Under RCV, a vote for your second choice never hurts your first choice, so voters are much more likely to vote for more than one candidate. Less than 15 percent of voters ranked only a single candidate in this year’s Maine Democratic gubernatorial primary and the mayoral elections in San Francisco and Santa Fe, for example. Of course, some amount of bullet voting is inevitable regardless of the voting method, as there will always be voters with no preference beyond their first choice. But if we enact a new voting system under which bullet-style voting is the norm, we will have changed the system in name only and still be stuck with plurality outcomes.

3. Approval voting takes guesswork to choose your favorite front-runner.
Imagine if voters had known with high probability, before the election, that Ignite and EMPOWER would be the top-two vote getters. Then many would have likely voted differently. In particular, more voters would have approved of either Ignite or EMPOWER (at least one but not both) to ensure they would have a say over which of the two ultimately prevails. With only 4,766 votes for Ignite and EMPOWER combined, somewhere between 25 percent and 60 percent of  voters had no such say in this CUSG election. Had these voters guessed the top two in advance, they could have had more impact on the result. That’s the reality of approval voting: a voter’s success relies heavily on their skills as a political prognosticator.

With ranked choice voting, the voters doesn’t need a crystal ball to have a say between the top-two finishers. They just need to include one of those front-runners in their ranking, which can always be guaranteed by ranking all the candidates. Granted, not every voter will do that, and some jurisdictions currently limit the number of rankings, but in practice the percentage of voters that do have such a say is impressive. This year, more than 90 percent of valid ballots continued to the final round in Maine’s Democratic primary for governor and in San Francisco’s and Santa Fe’s mayoral elections.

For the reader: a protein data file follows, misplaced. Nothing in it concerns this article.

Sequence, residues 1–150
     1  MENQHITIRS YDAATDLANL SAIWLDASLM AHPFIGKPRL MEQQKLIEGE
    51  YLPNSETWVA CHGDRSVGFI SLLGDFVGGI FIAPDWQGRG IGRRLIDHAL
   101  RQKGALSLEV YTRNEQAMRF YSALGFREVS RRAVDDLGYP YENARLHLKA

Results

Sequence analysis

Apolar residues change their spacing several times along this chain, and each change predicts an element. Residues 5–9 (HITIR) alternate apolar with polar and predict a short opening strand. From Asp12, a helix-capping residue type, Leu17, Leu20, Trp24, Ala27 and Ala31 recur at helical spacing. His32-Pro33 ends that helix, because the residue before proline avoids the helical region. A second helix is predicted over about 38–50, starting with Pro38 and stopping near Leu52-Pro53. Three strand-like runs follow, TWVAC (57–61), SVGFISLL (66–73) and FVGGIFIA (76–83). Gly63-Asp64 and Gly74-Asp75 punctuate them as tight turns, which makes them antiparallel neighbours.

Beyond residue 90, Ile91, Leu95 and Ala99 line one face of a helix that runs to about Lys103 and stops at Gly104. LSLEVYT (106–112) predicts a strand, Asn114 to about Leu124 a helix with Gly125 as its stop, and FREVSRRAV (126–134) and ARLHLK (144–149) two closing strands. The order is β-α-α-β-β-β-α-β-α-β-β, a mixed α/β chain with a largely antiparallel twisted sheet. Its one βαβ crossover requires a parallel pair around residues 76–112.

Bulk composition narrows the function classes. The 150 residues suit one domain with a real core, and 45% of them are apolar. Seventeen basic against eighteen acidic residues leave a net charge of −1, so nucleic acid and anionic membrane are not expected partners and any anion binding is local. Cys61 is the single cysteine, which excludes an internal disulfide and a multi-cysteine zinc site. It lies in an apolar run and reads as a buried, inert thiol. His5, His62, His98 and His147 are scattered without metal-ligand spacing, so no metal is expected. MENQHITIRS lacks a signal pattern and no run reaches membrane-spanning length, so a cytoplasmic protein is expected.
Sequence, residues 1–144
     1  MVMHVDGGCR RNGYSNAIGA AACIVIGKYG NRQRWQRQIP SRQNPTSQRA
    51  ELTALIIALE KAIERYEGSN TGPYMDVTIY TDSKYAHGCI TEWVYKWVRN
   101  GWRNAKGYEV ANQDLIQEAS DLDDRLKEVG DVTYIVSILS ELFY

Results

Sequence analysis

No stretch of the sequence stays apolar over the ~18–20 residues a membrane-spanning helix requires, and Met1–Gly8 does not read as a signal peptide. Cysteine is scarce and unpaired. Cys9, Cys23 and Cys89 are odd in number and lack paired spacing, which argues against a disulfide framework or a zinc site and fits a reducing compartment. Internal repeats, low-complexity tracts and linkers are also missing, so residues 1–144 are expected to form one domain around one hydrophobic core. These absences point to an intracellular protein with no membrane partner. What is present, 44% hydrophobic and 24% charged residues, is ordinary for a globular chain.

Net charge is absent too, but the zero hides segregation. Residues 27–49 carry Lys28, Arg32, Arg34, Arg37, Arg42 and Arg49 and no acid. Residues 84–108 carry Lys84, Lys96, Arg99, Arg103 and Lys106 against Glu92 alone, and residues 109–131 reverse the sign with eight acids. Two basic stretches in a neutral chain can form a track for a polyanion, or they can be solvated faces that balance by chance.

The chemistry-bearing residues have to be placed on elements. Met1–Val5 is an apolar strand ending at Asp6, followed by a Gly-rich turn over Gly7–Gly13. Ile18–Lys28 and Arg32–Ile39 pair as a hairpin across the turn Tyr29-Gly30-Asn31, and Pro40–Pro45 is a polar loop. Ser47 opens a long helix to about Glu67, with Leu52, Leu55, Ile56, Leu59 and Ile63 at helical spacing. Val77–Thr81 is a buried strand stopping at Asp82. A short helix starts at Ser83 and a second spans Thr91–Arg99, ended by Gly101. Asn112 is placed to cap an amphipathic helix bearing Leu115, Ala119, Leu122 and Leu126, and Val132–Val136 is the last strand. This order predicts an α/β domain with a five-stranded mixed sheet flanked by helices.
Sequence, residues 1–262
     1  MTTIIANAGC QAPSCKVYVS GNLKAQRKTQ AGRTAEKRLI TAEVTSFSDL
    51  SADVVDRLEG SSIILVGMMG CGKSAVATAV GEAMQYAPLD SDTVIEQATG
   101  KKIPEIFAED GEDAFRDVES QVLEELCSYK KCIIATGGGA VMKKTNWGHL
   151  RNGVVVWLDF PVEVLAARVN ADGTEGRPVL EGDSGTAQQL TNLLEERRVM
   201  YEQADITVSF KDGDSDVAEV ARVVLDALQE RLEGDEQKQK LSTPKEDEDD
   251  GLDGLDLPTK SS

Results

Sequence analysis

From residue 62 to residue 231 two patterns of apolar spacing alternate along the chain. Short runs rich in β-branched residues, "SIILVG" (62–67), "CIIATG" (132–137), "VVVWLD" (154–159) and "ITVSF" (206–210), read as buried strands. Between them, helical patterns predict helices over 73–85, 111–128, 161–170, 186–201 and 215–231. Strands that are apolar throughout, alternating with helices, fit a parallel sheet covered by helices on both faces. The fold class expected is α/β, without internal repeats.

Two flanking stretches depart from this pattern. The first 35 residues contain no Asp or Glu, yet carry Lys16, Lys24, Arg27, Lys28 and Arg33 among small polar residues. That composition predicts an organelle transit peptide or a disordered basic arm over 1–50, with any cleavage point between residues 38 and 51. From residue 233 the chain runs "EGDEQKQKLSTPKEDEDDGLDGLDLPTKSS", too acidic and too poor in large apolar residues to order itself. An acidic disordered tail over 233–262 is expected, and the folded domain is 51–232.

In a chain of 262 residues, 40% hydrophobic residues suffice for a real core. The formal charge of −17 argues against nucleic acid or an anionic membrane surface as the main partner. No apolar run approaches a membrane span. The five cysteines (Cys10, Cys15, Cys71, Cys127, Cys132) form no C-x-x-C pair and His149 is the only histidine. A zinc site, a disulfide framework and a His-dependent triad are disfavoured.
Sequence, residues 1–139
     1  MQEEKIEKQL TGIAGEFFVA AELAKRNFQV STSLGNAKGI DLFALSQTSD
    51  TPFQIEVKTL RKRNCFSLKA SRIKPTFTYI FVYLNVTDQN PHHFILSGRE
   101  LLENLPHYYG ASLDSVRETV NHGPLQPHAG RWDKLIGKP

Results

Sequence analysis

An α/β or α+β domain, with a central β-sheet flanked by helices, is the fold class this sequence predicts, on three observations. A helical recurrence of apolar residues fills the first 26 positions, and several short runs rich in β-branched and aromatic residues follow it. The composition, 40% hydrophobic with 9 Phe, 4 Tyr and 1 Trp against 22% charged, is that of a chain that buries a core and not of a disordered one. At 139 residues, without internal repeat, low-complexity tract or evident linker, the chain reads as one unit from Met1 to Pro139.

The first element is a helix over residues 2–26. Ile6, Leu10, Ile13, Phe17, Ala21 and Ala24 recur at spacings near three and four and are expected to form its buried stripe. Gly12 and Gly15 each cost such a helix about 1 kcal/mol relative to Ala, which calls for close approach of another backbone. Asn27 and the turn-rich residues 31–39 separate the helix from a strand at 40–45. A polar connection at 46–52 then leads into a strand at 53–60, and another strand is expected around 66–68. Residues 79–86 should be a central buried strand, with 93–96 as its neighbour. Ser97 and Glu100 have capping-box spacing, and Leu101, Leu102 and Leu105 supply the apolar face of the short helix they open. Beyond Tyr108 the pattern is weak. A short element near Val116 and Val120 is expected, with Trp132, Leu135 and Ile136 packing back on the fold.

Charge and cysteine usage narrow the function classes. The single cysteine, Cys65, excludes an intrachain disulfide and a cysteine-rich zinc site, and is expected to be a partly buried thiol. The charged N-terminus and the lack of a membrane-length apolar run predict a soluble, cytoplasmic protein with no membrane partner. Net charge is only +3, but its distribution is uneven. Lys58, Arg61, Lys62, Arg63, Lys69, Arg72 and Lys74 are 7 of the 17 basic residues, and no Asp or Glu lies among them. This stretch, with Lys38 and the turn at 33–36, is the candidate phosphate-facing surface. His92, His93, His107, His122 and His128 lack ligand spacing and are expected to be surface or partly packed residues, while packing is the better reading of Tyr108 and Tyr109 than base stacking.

Days after voting had concluded, the CUSG election took a surprising twist. The EMPOWER ticket was disqualified by a CUSG election tribunal and were prevented from winning any office. While EMPOWER didn’t win the executive race, all those who had bullet-voted for them wound up with no say at all in the race — probably somewhere between 1100 and 1500 voters. Had this disqualification happened in a ranked choice voting election, that candidate could have simply been crossed off each voter’s ballot, and since bullet voting is uncommon with RCV, a higher fraction of voters would have continued to have a say in the result.

While there has been ample study and hand-wringing over the theoretical properties of voting methods, what ultimately matters to a method’s success is its consistency with how real voters think and how the method works in practice.  These real, practical challenges with approval voting — the lack of majority winners, the high rate of bullet voting, and the reliance on political prognostication — illustrate why we continue to prefer ranked choice voting for competitive elections.

Greg Dennis, Ph.D. is policy director of Voter Choice Massachusetts (VoterChoiceMA.org)

Join Us Today to Help Create a More Perfect Union